The idea is that the agent is run in the user's local PC, laptop, or
     terminal.  Authentication data need not be stored on any other machine,
     and authentication passphrases never go over the network.  However, the
     connection to the agent is forwarded over SSH remote logins, and the
     user can thus use the privileges given by the identities anywhere in
     the network in a secure way.

     There are two main ways to get an agent set up: The first is that the
     agent starts a new subcommand into which some environment variables are
     exported, eg ssh-agent xterm &.  The second is that the agent prints
     the needed shell commands (either sh(1) or csh(1) syntax can be gener‐
     ated) which can be evaluated in the calling shell, eg eval `ssh-agent
     -s` for Bourne-type shells such as sh(1) or ksh(1) and eval `ssh-agent
     -c` for csh(1) and derivatives.

     Later ssh(1) looks at these variables and uses them to establish a con‐
     nection to the agent.

     The agent will never send a private key over its request channel.
     Instead, operations that require a private key will be performed by the
     agent, and the result will be returned to the requester.  This way,
     private keys are not exposed to clients using the agent.

     A UNIX-domain socket is created and the name of this socket is stored
     in the SSH_AUTH_SOCK environment variable.  The socket is made accessi‐
     ble only to the current user.  This method is easily abused by root or
     another instance of the same user.

     The SSH_AGENT_PID environment variable holds the agent's process ID.

     The agent exits automatically when the command given on the command
     line terminates.

FILES         top

     $TMPDIR/ssh-XXXXXXXXXX/agent.<ppid>
             UNIX-domain sockets used to contain the connection to the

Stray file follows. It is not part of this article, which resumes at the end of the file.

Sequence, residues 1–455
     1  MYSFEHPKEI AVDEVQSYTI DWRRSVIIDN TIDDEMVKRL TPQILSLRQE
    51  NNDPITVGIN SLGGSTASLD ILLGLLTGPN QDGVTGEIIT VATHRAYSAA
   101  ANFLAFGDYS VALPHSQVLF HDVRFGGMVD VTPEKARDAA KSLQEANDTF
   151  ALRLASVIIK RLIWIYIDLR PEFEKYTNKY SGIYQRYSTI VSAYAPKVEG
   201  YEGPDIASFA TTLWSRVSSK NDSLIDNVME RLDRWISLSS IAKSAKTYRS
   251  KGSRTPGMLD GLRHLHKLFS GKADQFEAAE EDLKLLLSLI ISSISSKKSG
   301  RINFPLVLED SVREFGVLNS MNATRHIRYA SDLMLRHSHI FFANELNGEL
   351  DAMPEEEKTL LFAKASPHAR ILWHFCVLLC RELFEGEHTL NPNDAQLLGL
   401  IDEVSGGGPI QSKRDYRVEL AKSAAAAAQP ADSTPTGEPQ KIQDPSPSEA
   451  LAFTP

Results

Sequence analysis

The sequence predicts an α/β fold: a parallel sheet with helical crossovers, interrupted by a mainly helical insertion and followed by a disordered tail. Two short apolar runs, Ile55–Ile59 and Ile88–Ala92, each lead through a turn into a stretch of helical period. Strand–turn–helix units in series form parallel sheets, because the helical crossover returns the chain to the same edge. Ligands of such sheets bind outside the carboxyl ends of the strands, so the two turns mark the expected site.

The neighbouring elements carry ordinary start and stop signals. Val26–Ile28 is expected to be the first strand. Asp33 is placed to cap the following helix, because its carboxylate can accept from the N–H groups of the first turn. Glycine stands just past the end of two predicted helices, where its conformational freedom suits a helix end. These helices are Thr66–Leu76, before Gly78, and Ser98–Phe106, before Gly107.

authentication agent.  These sockets should only be readable by
             the owner.  The sockets should get automatically removed when
             the agent exits.

SEE ALSO         top

     ssh(1), ssh-add(1), ssh-keygen(1), sshd(8)

AUTHORS         top

     OpenSSH is a derivative of the original and free ssh 1.2.12 release by
     Tatu Ylonen.  Aaron Campbell, Bob Beck, Markus Friedl, Niels Provos,
     Theo de Raadt and Dug Song removed many bugs, re-added newer features
     and created OpenSSH.  Markus Friedl contributed the support for SSH
     protocol versions 1.5 and 2.0.

COLOPHON         top

     This page is part of the openssh (Portable OpenSSH) project.  Informa‐
     tion about the project can be found at
     http://www.openssh.com/portable.html.  If you have a bug report for
     this manual page, see http://www.openssh.com/report.html.  This page
     was obtained from the tarball openssh-7.5p1.tar.gz fetched from
     http://ftp.eu.openbsd.org/pub/OpenBSD/OpenSSH/portable/ on 2017-07-05.
     If you discover any rendering problems in this HTML version of the
     page, or you believe there is a better or more up-to-date source for
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     this COLOPHON (which is not part of the original manual page), send a
     mail to man-pages@man7.org

BSD                           November 30, 2016                          BSD